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  • 1
    ISSN: 0006-3592
    Keywords: Chemistry ; Biochemistry and Biotechnology
    Source: Wiley InterScience Backfile Collection 1832-2000
    Topics: Biology , Process Engineering, Biotechnology, Nutrition Technology
    Notes: Data reported here and previously indicate that when dextrin is hydrolyzed in the presence of immobilized glucoamylase, use of a larger average molecular weight substrate leads to lower overall rates of hydrolysis, while the maltose concentration during the bulk of the reaction and the maximum glucose concentration are lower than when the soluble form of the enzyme is employed under the same conditions. Computer simulation of the system demonstrated that all three observations were caused by pore diffusion limitation: the first by slow diffusion of substrate, the second by slow diffusion of intermediates, and the third by slow diffusion of glucose. Follow-up experiments with glucoamylase immobilized to particles of different sizes confirmed this finding, as results with the smallest beads were identical to those with soluble glucoamylase.
    Additional Material: 8 Ill.
    Type of Medium: Electronic Resource
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  • 2
    ISSN: 0006-3592
    Keywords: Chemistry ; Biochemistry and Biotechnology
    Source: Wiley InterScience Backfile Collection 1832-2000
    Topics: Biology , Process Engineering, Biotechnology, Nutrition Technology
    Notes: A simple method is presented that establishes intrinsic rate parameters when slow pore diffusion of substrate limits immobilized enzyme reactions that obey Michaelis-Menten kinetics. The Aris-Bischoff modulus is employed. Data at high substrate concentrations, where the enzyme would be saturated in the absence of diffusion limitation, and at low substrate concentrations, where effectiveness factors are inversely proportional to reaction modulus, are used to determine maximum rate and Michaelis constant, respectively. Because Michaelis-Menten and Langmuir-Hinshelwood kinetics are formally identical, this method may be used to estimate intrinsic rate parameters of many heterogeneous catalysts. The technique is demonstrated using experimental data from the hydrolysis of maize dextrin with diffusion-limited immobilized glucoamylase. This system yields a Michaelis constant of 0.14%, compared to 0.11% for soluble glucoamylase and 0.24% for immobilized glucoamylase free of diffusional effects.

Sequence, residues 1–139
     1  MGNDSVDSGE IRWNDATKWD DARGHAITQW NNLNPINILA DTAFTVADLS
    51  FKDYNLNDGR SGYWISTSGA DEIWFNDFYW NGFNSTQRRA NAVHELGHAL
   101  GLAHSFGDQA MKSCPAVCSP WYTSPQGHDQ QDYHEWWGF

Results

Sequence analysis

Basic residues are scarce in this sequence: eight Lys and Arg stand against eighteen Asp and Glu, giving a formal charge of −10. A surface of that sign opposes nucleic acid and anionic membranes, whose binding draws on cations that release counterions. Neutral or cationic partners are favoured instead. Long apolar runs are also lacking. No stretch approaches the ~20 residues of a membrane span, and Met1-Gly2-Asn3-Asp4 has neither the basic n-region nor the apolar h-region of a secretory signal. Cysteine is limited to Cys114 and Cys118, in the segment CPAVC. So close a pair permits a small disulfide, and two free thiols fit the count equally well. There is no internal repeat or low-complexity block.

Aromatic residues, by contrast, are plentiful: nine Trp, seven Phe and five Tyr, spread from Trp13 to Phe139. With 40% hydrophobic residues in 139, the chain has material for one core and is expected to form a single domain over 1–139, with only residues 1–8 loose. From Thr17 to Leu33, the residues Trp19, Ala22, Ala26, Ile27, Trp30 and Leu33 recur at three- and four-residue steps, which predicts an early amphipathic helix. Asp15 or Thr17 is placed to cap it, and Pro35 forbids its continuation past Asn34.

Additional Material: 4 Ill.
    Type of Medium: Electronic Resource
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